Some might argue that it’s not our job to tailor classes to the interests of students. We’d all end up teaching Freud and forensic psychology; counselling and criminal profiling. And certainly, I’m aware of the view that in the current marketoriented, user-pays environment, there is too great an emphasis on consumer (student) ‘satisfaction’ at the expense of traditional considerations like intellectual content and the acquisition of skills and values. I have also often heard it said by disgruntled academics that students have neither the knowledge nor, in many cases, the necessary maturity, to evaluate their lecturers and the teaching they receive; that their opinions are based on irrelevant considerations such as a lecturer’s age or appearance, or that students are so over-surveyed that they no longer treat the evaluation process seriously.

I think, however, that this view confuses interesting one’s students with entertaining them. And I would certainly agree that our aim as academic teachers of psychology is not, primarily, to entertain our students. We do have to interest them, however, if we expect them to continue with their studies in psychology. Unless they remain interested and challenged by what we teach, students’ chances of success are likely to be compromised, and the depth of their learning, their persistence and satisfaction with what we offer will be similarly reduced.

It’s easy to get caught up, both in the planning of courses and in preparing individual lectures, with considerations of content. There always seems to be so much information to impart and so little time to do it in. And indeed, as experts in our chosen fields, it’s part of our job to know what students need to know in order to ensure that they are appropriately qualified for degrees and appropriately trained as professional practitioners. But what I find useful to remind myself – often as a direct result of feedback from students who, inexplicably, just don’t seem to be getting the point of what I have been so carefully spelling out to them – is that students also need to know why they need to know.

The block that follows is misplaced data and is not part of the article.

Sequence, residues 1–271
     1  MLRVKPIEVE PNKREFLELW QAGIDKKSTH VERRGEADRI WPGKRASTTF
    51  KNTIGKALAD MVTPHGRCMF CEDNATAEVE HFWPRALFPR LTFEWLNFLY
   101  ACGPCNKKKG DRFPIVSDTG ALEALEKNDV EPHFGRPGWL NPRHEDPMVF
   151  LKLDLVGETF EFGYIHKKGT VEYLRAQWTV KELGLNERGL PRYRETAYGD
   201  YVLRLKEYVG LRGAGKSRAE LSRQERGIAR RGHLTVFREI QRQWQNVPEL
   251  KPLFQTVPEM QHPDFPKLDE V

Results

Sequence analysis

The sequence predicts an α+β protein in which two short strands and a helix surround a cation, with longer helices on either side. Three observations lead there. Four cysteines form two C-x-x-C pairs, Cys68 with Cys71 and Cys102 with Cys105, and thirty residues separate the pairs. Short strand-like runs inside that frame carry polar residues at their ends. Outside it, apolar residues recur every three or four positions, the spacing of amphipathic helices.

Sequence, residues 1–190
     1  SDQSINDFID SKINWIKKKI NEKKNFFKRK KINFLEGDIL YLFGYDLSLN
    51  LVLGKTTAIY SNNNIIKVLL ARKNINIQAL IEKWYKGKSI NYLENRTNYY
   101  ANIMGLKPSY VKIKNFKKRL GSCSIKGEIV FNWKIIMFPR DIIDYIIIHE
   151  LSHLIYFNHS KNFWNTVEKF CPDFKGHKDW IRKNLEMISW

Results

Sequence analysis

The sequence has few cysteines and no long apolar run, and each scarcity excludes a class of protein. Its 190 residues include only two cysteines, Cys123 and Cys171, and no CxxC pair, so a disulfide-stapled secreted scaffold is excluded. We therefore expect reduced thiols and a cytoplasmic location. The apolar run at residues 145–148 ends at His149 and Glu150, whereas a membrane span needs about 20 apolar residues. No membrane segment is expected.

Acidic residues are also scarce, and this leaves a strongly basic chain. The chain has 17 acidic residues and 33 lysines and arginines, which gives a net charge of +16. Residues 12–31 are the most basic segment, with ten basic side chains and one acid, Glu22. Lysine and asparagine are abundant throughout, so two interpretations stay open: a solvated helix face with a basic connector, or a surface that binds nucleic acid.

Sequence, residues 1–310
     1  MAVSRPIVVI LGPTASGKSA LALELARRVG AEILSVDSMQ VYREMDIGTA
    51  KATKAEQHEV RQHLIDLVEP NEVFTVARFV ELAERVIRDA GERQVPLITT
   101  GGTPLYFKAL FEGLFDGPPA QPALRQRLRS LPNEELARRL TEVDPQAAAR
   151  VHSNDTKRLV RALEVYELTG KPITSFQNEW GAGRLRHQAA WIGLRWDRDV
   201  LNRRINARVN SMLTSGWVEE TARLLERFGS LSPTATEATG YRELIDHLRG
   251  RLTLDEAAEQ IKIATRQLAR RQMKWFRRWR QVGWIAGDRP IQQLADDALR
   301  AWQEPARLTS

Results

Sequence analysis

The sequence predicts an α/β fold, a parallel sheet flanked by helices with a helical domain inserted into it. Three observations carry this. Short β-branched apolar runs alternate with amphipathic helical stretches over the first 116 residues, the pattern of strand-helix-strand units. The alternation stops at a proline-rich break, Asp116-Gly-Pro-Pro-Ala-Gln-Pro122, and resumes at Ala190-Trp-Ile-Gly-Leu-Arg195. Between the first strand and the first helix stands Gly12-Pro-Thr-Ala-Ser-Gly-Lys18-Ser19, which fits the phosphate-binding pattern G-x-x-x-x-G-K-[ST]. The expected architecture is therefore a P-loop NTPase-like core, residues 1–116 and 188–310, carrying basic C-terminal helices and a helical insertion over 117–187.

It’s easy to take this sort of thing for granted. This is our life’s work, after all. However, we can’t just assume that students will understand why the material we’re presenting is interesting – either to us, or why it should be to them. Likewise, we can’t just assume that they’ll understand why we consider it worthwhile information for them to know.

When we present information that is de-contextualised in this regard, we do ourselves and our students a disservice. If we don’t take the time to explain to them why they need to know something, why and how it has become important within our discipline, and how they might be able to use this knowledge in the world outside of the institution, then we run the risk that they will treat what we teach them only as information that is needed to pass the next exam. That’s likely to be as long as the material will be remembered, too. And the result is that we will all, students and lecturers alike, be disappointed with a course of study that promised so much in terms of human interest and, yet, turned into the mere transmission of content primarily for the purposes of examination.

By and large, and on the back of many years experience in the teaching of undergraduate psychology, I am pretty sure that students do not come to university hoping merely to be entertained. Indeed, my experience is, overwhelmingly, that they come interested and curious; willing and hoping to learn. And, as a result, they are very often inspired in life-changing ways by what they hear, and by the people who teach them. My own experience also leads me to believe that we can always do more to build on the foundation of student interest that exists in psychology. The challenge is to develop exciting courses that are not merely entertaining for students but constantly prompt them to make connections between their lives and the academic study of psychology even after they have left our institutions.

References

  • Baghdadchi, A. (2005). On academic boredom. Arts and Humanities in Higher Education, 4, 319-324.

  • Krause, K.L., Hartley, R., James, R., & McInnis, C. (2005). The first year experience in Australian Universities: Findings from a decade of national studies. Department of Education, Science and Training: Commonwealth of Australia.